For 20 years or more, quick pointing devices produced by French company Sofresud have enabled crew members to contribute to close-in defence in situations where automated systems have trouble detecting the target (e.g. fast sea skimmers, stealthy missiles with low radar cross-sections and targets on shore). Sofresud QPDs have been progressively adopted by a host of navies, including those of Egypt, Italy, Malaysia, Norway, Saudi Arabia and the UK.
Today, with asymmetrical threats posing an ever-growing problem for naval operations, legacy command-and-control systems and CMSs often disappoint because the target designation component is too slow. This leaves the last line of defence, often a remotely controlled gun operated by a gunner, just seconds to save the day. Even a remote weapon system (RWS) with an optronic tracker, given its limited field of view, lacks overview and context while generally taking longer to acquire a target than a gunner using a director or pointer.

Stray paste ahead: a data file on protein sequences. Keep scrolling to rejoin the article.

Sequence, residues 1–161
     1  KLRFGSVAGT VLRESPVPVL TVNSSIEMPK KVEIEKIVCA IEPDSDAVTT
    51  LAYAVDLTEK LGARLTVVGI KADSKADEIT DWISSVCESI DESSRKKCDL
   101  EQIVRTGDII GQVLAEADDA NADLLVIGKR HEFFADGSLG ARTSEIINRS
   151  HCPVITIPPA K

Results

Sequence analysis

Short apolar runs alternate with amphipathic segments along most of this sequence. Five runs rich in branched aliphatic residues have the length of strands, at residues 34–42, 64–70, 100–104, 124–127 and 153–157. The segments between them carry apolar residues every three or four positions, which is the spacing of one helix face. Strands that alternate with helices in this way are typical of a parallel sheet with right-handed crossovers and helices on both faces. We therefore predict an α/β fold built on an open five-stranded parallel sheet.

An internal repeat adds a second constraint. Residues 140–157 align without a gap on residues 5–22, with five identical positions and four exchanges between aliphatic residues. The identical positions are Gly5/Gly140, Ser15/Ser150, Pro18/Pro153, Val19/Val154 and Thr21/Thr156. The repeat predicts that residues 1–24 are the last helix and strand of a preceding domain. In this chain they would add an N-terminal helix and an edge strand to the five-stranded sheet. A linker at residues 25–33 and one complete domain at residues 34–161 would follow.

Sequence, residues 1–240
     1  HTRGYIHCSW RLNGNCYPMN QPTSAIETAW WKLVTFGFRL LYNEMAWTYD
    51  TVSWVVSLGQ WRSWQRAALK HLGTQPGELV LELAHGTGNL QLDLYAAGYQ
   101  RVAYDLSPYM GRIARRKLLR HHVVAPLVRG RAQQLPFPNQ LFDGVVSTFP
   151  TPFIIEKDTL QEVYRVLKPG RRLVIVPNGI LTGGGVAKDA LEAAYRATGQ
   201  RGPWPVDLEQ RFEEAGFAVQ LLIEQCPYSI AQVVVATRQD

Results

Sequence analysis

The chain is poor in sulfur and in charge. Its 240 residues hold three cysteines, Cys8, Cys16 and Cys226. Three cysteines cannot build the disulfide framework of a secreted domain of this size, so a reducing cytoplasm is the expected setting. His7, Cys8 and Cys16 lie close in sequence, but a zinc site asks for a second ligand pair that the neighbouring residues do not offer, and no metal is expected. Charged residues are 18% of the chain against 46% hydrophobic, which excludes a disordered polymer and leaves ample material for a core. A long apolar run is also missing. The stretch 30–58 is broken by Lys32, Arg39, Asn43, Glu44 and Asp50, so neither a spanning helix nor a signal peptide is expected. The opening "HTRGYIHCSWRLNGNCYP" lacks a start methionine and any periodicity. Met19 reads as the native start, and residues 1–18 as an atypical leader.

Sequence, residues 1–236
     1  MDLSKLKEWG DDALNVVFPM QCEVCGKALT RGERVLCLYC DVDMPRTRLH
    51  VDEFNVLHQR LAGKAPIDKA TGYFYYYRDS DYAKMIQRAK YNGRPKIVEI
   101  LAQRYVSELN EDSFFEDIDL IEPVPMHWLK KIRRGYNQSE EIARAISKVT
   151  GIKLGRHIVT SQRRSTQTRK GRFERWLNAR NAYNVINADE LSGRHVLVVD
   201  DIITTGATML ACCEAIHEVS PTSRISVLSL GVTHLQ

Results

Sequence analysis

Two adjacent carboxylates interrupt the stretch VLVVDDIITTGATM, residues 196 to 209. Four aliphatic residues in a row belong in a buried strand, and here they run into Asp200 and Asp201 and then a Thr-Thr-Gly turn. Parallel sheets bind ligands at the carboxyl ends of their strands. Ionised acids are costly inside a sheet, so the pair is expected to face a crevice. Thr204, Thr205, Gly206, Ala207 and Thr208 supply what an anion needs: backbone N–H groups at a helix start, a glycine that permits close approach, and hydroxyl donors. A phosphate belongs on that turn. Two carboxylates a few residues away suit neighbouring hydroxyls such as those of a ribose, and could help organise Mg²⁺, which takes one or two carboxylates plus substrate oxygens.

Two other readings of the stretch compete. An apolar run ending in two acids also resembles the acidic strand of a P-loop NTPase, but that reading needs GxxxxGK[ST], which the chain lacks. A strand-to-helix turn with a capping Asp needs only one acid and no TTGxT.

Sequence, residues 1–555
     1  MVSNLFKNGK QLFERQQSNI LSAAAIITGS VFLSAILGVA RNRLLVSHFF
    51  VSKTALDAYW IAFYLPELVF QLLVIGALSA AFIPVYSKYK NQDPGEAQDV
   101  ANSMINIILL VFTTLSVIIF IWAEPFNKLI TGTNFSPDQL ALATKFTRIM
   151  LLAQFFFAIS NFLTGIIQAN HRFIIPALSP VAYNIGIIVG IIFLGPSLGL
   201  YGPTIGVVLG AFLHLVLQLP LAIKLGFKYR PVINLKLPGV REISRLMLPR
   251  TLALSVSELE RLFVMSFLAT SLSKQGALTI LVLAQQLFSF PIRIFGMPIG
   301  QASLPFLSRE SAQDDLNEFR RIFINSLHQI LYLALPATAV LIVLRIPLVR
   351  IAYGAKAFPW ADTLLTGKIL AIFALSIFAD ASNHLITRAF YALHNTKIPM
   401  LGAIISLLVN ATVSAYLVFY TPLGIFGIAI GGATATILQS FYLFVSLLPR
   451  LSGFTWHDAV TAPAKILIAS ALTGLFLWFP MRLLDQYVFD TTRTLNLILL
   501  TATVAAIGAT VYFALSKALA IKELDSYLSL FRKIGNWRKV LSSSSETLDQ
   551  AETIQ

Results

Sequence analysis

Sofresud has risen to the challenge by developing a hand-held designator called an intuitive pointing device. The concept is protected by French and international patents. An IPD radically improves RWS performance by increasing the field of view of its built-in designator and directly and instantaneously delivering pre-designation data (i.e. precision 3D coordinates and day/night imagery) for air, sea and land targets. Faster designation means that the weapon is trained more quickly on the target, resulting in faster overall response and higher accuracy.
IPDs benefit from the gunner’s wide field of view and fast brain-eye coordination and reflexes, to achieve a faster response to visible targets.The IPD development programme was supported by the French defence procurement agency, or DGA. In 2018 Sofresud won its first contract to supply IPDs
to the French Navy, initially for La Fayette-class frigates. The device will be tested on a light patrol vessel in early 2019.
While useful even on front-line fighting ships, Sofresud IPDs can be a game-changer on lighter vessels. Several navies have expressed keen interest, especially for launches and patrol vessels not currently equipped with a fire control or combat system.
More information in Mer et Marine Euronaval 2018 Special issue : "Naval Forces : focus on french technology"